Workers in the public transport industry can now identify the skills they need to stay employable and relevant, along with career pathways and training opportunities.
Launched yesterday, the Skills Framework for Public Transport will also support the growth in manpower in the industry, with 8,000 new jobs to be created by 2030.
There are now 21,000 workers in the bus and rail industry, but the sector will grow, with $20 billion being invested in infrastructure to expand the network and about $5 billion in subsidies for public bus services over the next five years.
Under the framework, a total of 87 job roles have been identified along four career tracks: rail operations, rail engineering, bus operations and bus fleet engineering.
Senior Minister of State for Transport Janil Puthucheary said that the public transport sector faces disruption from new technologies such as autonomous vehicles.
"The skills framework is a very important platform to bring together the unions, the employers, as well as the training providers and Government, to think about how we can maximise opportunities for every individual worker to progress in their career, but also to move sideways," he said.
The framework will be reviewed at least every two years, he added.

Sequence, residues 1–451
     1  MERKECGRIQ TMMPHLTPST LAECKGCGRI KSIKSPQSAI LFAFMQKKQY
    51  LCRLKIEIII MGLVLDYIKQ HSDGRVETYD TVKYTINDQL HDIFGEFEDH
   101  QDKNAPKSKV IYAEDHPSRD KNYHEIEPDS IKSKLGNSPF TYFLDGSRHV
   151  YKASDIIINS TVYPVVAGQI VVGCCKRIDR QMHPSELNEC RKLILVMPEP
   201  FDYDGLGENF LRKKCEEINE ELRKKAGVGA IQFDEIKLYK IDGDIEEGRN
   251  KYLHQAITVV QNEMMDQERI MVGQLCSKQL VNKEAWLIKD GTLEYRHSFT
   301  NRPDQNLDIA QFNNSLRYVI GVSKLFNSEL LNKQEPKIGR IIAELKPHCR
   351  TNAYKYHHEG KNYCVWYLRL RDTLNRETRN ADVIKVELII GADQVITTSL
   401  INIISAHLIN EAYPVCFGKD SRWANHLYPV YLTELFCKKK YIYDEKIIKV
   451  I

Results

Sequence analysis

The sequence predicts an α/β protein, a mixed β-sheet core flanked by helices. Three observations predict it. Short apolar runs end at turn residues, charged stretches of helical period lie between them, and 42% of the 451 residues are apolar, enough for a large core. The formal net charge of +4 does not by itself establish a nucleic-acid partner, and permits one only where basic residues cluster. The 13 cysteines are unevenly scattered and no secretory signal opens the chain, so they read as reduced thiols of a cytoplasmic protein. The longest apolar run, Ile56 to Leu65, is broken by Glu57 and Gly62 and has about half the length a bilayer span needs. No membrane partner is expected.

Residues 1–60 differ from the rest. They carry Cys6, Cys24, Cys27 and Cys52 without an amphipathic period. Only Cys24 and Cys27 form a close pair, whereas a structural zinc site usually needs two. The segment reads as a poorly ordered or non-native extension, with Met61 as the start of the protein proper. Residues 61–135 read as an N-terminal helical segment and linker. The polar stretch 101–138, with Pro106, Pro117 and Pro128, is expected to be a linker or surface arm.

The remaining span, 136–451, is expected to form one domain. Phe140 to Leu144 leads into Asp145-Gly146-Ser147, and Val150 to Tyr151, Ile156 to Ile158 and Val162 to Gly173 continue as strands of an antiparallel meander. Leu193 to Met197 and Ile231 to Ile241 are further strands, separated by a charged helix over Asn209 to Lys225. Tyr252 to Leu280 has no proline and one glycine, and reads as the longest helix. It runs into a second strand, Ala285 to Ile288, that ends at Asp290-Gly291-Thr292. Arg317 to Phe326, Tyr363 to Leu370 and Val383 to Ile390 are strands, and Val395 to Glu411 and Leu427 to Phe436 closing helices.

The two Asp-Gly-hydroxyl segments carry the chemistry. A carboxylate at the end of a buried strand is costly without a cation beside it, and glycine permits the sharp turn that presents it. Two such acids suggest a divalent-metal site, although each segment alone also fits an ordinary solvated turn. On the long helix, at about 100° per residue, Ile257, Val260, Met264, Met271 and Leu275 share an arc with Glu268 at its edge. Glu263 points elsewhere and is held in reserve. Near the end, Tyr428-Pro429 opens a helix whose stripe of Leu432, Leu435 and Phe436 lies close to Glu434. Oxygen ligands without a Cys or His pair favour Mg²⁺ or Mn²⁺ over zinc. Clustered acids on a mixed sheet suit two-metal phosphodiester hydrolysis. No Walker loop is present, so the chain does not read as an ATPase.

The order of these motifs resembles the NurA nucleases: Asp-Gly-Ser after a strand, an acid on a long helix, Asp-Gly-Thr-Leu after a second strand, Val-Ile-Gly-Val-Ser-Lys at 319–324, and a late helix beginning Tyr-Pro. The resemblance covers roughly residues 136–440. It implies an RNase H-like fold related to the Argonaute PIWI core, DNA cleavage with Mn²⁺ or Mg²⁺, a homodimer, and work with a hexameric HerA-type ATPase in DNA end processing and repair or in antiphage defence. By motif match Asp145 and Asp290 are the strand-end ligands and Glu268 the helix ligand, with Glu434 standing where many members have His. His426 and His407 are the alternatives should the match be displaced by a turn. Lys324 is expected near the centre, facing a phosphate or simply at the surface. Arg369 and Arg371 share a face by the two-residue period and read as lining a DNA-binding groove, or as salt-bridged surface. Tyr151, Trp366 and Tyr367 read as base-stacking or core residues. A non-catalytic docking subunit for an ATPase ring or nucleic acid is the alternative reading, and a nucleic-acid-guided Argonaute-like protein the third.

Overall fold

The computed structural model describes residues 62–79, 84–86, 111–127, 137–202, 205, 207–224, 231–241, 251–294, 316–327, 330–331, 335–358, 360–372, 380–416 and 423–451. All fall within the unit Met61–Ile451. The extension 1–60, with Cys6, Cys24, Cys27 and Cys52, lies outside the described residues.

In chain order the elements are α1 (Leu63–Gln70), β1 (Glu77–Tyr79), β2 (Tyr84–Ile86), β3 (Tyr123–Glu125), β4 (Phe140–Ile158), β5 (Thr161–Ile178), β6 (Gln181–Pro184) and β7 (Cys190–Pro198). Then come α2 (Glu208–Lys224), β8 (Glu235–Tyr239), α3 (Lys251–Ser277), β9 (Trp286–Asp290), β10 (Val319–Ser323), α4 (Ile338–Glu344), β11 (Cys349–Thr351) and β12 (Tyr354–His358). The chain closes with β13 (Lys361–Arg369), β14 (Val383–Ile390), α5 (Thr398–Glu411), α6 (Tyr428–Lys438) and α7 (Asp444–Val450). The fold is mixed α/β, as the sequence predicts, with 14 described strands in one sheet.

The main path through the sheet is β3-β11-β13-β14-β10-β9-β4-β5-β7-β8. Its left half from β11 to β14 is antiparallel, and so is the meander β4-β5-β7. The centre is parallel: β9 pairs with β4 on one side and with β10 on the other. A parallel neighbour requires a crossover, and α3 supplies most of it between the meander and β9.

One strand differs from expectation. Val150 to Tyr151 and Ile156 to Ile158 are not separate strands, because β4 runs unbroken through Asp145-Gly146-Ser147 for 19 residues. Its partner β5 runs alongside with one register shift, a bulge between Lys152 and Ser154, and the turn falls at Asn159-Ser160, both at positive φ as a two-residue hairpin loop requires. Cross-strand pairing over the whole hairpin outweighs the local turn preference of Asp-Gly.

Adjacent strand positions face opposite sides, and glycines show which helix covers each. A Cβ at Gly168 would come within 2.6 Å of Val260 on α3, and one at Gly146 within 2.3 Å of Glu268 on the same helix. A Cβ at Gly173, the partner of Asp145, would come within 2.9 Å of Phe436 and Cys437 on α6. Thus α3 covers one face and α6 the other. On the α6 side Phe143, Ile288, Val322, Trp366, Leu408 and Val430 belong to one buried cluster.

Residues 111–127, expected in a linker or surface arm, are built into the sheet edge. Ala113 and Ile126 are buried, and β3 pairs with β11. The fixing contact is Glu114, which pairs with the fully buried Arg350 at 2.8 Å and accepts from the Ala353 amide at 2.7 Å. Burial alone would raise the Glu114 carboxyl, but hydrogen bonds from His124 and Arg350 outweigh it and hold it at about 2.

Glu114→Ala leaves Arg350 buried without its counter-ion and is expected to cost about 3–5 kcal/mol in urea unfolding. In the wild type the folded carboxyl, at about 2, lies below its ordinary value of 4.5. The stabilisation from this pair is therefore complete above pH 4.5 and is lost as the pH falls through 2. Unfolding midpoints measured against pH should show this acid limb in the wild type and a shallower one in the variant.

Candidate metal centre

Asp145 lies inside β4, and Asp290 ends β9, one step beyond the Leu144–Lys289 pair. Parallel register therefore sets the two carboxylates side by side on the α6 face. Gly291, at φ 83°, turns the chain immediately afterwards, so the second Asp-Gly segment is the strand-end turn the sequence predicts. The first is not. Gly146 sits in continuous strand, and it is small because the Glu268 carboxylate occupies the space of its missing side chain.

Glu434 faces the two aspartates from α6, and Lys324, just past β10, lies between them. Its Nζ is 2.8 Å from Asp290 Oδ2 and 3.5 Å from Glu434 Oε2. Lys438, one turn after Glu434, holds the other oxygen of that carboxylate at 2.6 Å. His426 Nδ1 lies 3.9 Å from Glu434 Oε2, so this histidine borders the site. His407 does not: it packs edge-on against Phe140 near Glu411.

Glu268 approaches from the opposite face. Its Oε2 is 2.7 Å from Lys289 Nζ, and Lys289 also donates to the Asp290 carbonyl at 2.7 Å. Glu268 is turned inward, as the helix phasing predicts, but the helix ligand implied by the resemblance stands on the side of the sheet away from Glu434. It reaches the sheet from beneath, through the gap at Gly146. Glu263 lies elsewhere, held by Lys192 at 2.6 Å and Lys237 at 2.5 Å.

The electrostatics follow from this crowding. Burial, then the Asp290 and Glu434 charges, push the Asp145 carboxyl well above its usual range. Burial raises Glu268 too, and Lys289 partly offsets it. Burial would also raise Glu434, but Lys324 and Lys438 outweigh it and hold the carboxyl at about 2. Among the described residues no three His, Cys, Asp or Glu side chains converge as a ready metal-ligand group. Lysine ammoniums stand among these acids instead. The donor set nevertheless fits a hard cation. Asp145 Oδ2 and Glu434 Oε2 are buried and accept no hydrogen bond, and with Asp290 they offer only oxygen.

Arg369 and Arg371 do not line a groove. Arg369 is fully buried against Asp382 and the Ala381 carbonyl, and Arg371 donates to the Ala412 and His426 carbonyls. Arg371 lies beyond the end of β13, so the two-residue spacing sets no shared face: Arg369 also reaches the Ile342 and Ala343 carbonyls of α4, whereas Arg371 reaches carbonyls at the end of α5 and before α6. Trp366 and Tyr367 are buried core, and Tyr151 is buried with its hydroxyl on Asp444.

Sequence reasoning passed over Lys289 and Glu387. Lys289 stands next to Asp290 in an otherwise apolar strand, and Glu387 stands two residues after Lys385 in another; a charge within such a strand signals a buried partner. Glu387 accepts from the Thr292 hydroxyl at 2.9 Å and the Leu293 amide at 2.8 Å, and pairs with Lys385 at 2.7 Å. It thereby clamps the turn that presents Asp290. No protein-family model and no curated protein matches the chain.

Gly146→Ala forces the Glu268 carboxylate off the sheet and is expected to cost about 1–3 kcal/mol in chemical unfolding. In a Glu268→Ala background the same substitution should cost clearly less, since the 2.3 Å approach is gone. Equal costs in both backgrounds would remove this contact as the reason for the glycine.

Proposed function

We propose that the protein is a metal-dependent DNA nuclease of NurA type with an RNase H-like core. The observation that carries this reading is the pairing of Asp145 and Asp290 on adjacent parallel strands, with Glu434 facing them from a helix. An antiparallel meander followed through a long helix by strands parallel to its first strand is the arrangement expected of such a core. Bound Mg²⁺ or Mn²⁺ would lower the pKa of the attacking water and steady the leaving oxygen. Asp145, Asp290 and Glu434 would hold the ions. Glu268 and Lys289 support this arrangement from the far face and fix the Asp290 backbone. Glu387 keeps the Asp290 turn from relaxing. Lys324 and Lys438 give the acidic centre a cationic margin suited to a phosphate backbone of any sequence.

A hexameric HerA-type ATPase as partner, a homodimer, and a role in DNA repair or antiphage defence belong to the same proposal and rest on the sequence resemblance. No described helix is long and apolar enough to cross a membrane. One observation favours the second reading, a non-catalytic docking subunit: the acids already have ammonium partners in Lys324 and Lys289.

Number of workers in the bus and rail industry today.
Number of new jobs to be created in the industry by 2030.
National Transport Workers' Union (NTWU) executive secretary Melvin Yong said the NTWU is "working closely with the public transport operators and industry partners to co-develop training programmes and to curate and put together relevant courses".
"We hope to leverage the two centralised training institutions - the Singapore Bus Academy and the Singapore Rail Academy - to translate these ideas to practical training programmes," Mr Yong said in a Facebook post.
The framework, encapsulated in a 140-page document, has been developed by SkillsFuture Singapore, Workforce Singapore, the Land Transport Authority, public transport operators, education providers and the NTWU. It details job descriptions, and the technical skills and competencies required.
SBS Transit currently has a career progression scheme for its bus drivers and gives them opportunities to take on alternative roles, such as becoming driving instructors or working in the operations control centre.
Its chief executive, Mr Gan Juay Kiat, said the firm recently added a two-day programme to teach drivers basic maintenance skills, so they can also troubleshoot simple technical problems on the road.
The skills framework is part of the Land Transport Industry Transformation Map launched in February.
Go-Ahead Singapore depot supervisor Josephine Lee said: "I want to expand my data analytical skills and my communication skills as I need to interact with the bus captains and members of the public."
Ms Lee, who is in her mid-50s and was a bus driver for four years, said: "The skills framework will help me explore what other skills I need to deepen my capabilities... Previously, there wasn't any such resource to tap."